Golden abundance

December 31,2008
Professor Mom
Aliki McElreath( )

Aliki is a writer and college English teacher. She lives in North Carolina with her husband, two children (ages seven and ten), a dog, a cat, a rabbit, and too many fish.

I've always found New Year's Day to be a bipolar sort of occasion, marked by extreme opposite ranges of emotions all crowding in for time in the spotlight. Even as a young child, I always felt both the thrill of a new year and the weight of the passage of time. I remember being awed and saddened, too, by the idea that one year was gone forever. I was often, on New Year's Eve, kept awake by the thought that a new year awaited, stretching out ahead like an empty patch of ocean, and that the familiar landscape of the poor old year, with all its bumps and glorious parts, had receded away into the distance.

I often spend New Year's Day feeling a little melancholy. Everything seems a bit anticlimactic after the rush of the end of the semester, and the warmth and togetherness of the holiday. It seems I spend the days leading up to the New Year mulling over the flip side to everything: the Christmas decorations we pulled out of bins with such excitement and anticipation now seem a little burdensome, and I can't wait to reclaim the corner of the dining room where the tree is now, and to get the top of my buffet back. Yet when we pull them out again next year, we will all be one year older, of course, and who knows what this next year will bring? The kids start back to school on Monday, and it's been so lovely to have them home, even with the bickering and the ups and downs and the I-want-to-pull-my-hair-out moments. I'll be glad to start a new semester and see new faces and old ones, too. But I haven't done a thing to prepare yet, and the start of a new semester looms over me like some dark, worrisome thing--like a dentist appointment, or a final exam you haven't studied for.

Today I will make the traditional Greek New Year's yeast bread as I do each year.

(The one in this picture is from last year. This year's bread is rising gloriously on the back of the stove as I type this.)

As I kneaded the dough this morning, I was comforted by the knowledge that my mother was probably doing the same thing in her kitchen, in the house I grew up in.  But the whole time I was acutely aware of the fact that a link in the chain has been broken--that my grandmother is gone. Suddenly the sweet smell of the dough seemed to fill the kitchen with sadness and absence. But then, elbowing the melancholia away, was the happy thought that I was sharing this important tradition with my own family, and that the bread was more than just a combination of yeast and flour, sugar and eggs--but a legacy of sorts. And I know that when the dough will bake later today and rise in the pans, spilling over the sides and onto the stove in golden abundance, my kitchen will fill with love and tradition and past, present, and future, all mixed together, as they should be.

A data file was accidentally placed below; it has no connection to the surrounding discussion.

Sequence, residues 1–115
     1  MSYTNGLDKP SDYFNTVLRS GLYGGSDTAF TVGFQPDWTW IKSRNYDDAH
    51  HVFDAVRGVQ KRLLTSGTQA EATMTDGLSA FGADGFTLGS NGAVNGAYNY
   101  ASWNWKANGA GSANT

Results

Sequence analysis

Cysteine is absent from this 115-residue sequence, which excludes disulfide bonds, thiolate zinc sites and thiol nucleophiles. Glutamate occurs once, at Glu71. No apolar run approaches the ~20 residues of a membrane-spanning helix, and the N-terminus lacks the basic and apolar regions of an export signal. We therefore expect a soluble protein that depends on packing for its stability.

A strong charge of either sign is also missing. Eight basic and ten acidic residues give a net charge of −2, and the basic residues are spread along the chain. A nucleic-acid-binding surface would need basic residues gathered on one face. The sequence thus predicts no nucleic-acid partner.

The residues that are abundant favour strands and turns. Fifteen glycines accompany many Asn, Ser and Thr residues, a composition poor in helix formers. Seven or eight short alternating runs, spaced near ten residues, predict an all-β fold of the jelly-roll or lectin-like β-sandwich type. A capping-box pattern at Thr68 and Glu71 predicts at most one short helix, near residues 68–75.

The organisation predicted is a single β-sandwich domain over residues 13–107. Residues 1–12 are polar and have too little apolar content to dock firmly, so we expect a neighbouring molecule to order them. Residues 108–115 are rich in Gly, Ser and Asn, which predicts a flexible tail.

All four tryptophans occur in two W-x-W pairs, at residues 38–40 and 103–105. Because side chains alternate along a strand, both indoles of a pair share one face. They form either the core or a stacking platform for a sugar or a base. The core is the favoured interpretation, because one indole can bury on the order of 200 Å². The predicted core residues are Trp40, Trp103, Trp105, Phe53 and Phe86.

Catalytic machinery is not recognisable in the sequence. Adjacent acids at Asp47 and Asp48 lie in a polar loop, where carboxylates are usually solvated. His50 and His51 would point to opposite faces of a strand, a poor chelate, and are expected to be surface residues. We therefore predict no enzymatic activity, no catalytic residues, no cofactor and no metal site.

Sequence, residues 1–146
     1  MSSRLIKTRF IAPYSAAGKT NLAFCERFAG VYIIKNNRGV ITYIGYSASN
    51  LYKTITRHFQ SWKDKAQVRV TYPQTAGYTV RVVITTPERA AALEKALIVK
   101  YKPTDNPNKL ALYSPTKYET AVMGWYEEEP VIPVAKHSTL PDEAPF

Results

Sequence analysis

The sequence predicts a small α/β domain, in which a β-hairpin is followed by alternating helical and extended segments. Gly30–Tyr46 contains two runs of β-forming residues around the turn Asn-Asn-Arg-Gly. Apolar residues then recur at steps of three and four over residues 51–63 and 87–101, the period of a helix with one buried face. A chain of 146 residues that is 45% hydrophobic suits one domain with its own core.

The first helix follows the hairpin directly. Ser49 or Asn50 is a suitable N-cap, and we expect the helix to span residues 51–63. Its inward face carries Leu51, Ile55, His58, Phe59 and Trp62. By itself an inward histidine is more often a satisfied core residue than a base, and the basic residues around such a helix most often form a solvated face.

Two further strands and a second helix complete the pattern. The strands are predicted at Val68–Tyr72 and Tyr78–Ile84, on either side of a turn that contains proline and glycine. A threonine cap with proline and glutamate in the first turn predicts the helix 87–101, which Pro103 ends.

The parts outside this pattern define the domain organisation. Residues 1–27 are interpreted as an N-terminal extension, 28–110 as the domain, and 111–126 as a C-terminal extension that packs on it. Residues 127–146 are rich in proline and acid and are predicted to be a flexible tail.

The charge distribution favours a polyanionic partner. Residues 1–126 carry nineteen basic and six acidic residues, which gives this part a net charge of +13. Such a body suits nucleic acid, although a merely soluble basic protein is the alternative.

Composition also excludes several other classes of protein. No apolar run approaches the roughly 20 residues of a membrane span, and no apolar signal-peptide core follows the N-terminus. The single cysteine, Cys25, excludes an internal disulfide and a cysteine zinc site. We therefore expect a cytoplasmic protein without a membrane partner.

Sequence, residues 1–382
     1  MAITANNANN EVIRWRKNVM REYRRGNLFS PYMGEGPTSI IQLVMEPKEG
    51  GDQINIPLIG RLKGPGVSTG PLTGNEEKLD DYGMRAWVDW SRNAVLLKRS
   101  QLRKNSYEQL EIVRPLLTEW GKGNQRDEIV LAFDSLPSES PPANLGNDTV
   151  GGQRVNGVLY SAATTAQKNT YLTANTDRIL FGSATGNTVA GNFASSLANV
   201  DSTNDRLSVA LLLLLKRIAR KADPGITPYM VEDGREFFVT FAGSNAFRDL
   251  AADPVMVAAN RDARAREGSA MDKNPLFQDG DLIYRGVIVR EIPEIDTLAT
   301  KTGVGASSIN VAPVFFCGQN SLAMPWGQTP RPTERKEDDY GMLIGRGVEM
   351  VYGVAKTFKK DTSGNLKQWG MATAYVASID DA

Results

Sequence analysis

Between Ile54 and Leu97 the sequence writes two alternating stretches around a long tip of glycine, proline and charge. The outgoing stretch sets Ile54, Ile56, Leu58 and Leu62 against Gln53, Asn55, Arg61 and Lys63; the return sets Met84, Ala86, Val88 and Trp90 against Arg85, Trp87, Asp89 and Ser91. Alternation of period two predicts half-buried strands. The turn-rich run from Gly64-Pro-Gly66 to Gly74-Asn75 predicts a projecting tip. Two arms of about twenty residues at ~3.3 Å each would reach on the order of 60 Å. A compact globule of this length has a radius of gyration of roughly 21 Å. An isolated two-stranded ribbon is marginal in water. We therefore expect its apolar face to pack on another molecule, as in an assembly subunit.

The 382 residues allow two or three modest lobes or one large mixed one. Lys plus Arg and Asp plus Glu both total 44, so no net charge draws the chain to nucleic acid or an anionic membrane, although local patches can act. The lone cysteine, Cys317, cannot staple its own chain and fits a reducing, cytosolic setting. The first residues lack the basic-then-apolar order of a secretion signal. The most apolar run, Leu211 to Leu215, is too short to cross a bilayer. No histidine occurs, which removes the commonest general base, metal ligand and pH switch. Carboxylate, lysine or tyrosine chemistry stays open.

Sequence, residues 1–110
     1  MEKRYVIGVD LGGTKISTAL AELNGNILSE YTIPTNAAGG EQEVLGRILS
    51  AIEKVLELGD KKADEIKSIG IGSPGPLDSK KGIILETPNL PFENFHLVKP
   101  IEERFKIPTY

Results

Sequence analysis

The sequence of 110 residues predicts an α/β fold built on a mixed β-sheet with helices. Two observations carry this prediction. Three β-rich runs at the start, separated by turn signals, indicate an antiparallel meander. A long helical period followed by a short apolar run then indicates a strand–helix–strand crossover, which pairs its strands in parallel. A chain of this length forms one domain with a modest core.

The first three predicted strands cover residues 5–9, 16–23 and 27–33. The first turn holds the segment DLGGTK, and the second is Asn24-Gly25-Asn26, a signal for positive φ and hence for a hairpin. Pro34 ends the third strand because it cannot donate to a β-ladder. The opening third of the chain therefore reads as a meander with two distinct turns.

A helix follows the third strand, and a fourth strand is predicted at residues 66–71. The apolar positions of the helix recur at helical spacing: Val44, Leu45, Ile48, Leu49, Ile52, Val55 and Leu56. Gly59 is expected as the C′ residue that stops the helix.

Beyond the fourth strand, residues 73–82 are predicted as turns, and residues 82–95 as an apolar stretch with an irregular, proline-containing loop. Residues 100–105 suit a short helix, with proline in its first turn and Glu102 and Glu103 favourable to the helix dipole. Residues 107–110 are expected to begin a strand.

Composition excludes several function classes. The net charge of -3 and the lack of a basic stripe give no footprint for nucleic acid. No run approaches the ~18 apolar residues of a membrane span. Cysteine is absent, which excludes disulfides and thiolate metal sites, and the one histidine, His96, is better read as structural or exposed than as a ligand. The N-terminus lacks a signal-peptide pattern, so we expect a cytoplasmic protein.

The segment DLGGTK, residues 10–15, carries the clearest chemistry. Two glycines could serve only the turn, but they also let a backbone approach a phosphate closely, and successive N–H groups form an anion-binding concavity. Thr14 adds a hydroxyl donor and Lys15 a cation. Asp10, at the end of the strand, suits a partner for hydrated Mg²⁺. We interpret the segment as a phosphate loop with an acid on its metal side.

And here's the recipe for Vasilopita--the Greek New Year's bread I make. I got it from my mother years ago, when I first decided to start making my own. Tradition has it that you drop a small foil-wrapped coin into the batter as you knead it. When you cut into it on the first day of the new year, the person whose piece contains the coin will get an abundance of good luck all year long.

Vasilopita (New Year's Bread)

1-1/2 cups lukewarm milk

4 packets of yeast

1 cup sugar

1 cup salted butter

5 eggs

8 cups flour (I've used both bread and all-purpose. I'm not sure it matters)

1 egg yolk (to brush the top of the bread before baking)

Dilute the 4 packets of yeast in the lukewarm milk. Add sugar and butter. Mix in the eggs, and stir in the flour until the dough is soft (it shouldn't be sticky).

Cover bread and let rise until it doubles in size (I have no idea how long this will take--but be prepared to devote most of your day to punching down dough). Punch the dough down, cover, and let it rise again. Then punch it down, knead in the silver coins until they're hidden, split dough into two pans, and let it double again. Pinch off some dough bits to shape into the year or into other designs, then baste the top of the bread with egg yolk. Bake at 350 for about half an hour. Again, this isn't an exact science. Every year my bread comes out different--sometimes a tad doughy on the inside, other times a bit dry. The flavor is always wonderful, though, thick and yeasty, and perfect with a strong cup of coffee or tea on the first morning of the brand new year.

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Oh, and that potato pizza? It was so scrumptious, so satisfying, that it deserves a post all to itself. I'll give you the lowdown on Friday, complete with pictures of the most beautiful crust I have ever made.